The comedian Steve Coogan has won the Best Screenplay award at the Venice Film Festival. He and co-writer Jeff Pope penned the well-received new Stephen Frears film, Philomena, in which Coogan stars as the journalist Martin Sixsmith, helping Dame Judi Dench’s elderly Irish woman trace the son she was forced to give up at birth, fifty years earlier.
The top prize at Venice, the Golden Lion for the best film at the festival, went to a documentary for the first time; Gianfranco Rosi’s Holy GRA — about the Rome ring-road. Rosi said the honour was a breakthrough for documentaries, which were included in the main competition for the first time this year. “I didn’t expect to win such an important prize with a documentary,” Rosi said. “A barrier has been broken.” It was also the first Italian film to win at Venice for fifteen years.
Rosi spent two years in a minivan, circling the ring road, filming conversations with participants as diverse as a count, a paramedic and a botanist tending the palm trees along the road.
The Silver Lion for the best director went to the Greek film-maker Alexandros Avranas, for Miss Violence, about the sexual abuse perpetrated by a grandfather, played by Themis Panou, who won the festival’s best actor prize.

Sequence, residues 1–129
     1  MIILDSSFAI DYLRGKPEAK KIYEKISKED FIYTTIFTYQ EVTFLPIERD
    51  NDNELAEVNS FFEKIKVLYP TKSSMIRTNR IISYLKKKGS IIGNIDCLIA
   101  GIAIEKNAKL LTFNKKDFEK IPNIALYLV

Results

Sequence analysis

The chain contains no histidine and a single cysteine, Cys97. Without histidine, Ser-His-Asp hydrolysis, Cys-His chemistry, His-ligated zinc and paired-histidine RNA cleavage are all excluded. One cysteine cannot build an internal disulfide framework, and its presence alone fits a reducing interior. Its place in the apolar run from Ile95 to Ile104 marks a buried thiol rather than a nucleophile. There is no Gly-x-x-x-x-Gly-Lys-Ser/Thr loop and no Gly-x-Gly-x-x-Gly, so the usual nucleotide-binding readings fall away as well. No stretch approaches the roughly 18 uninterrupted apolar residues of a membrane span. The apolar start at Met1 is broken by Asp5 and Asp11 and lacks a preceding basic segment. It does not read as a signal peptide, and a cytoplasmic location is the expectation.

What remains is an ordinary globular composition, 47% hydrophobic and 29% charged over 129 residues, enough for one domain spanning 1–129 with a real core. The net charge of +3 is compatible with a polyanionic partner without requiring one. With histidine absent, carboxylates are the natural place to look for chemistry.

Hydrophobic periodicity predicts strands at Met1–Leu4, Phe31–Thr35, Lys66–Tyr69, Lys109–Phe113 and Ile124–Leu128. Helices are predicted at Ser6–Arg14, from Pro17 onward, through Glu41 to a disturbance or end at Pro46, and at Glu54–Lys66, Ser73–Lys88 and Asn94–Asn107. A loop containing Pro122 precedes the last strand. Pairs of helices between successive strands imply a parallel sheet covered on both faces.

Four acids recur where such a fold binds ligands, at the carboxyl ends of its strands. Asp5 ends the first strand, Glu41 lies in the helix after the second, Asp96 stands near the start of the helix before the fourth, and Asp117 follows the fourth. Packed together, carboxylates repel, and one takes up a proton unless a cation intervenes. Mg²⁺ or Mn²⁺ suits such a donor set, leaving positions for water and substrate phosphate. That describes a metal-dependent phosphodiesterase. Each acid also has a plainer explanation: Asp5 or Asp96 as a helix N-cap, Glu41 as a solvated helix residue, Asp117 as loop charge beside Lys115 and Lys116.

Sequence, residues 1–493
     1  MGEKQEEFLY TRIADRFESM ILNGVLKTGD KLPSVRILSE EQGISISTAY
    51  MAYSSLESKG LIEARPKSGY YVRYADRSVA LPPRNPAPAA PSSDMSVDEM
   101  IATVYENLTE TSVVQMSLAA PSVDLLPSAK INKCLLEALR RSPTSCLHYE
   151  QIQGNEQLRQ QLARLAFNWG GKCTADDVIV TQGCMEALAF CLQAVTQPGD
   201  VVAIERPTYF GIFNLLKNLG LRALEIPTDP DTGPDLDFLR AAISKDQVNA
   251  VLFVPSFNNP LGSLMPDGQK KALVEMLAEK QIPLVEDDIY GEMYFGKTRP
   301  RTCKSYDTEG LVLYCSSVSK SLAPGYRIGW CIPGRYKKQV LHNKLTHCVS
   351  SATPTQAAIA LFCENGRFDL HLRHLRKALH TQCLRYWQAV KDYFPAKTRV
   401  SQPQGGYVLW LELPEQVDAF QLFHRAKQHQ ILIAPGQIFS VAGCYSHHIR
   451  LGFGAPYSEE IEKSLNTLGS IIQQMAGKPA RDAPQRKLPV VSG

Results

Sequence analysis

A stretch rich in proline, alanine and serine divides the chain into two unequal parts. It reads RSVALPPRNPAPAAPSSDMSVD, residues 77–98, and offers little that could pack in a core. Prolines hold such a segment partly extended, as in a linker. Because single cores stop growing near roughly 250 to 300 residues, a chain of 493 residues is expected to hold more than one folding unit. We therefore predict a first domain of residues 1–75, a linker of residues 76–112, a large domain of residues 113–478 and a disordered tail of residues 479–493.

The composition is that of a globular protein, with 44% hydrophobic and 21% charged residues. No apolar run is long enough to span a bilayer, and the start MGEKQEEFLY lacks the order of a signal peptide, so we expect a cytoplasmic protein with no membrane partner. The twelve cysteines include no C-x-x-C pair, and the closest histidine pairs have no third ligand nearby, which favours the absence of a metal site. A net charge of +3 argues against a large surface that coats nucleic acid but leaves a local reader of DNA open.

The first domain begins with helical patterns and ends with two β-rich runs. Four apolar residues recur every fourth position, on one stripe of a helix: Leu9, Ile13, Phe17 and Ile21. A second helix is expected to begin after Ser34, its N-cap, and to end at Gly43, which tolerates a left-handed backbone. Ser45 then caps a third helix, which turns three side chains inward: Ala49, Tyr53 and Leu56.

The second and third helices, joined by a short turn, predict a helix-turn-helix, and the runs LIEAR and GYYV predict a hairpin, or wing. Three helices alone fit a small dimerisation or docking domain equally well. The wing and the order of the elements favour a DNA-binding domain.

The best actress honours went to Elena Cotta, from Italy, although her role in A Street in Palermo didn’t require her to utter a single word.
Sixteen year old Tye Sheridan won the best young actor prize, as a young boy who looks up to Nicolas Cage’s Joe, in the film of the same name, by David Gordon Green.
The Malaysian-born director Tsai Ming-liang, who won the Golden Lion in 1994 was honoured with the Grand Jury Prize for his new film Stray Dogs, about a father and two children in Taiwan.
The Special Jury Prize went to the German director Philip Groening, for The Police Officer’s Wife.
The festival also honoured the acclaimed horror director William Friedking with a Golden Lion for Lifetime Achievement.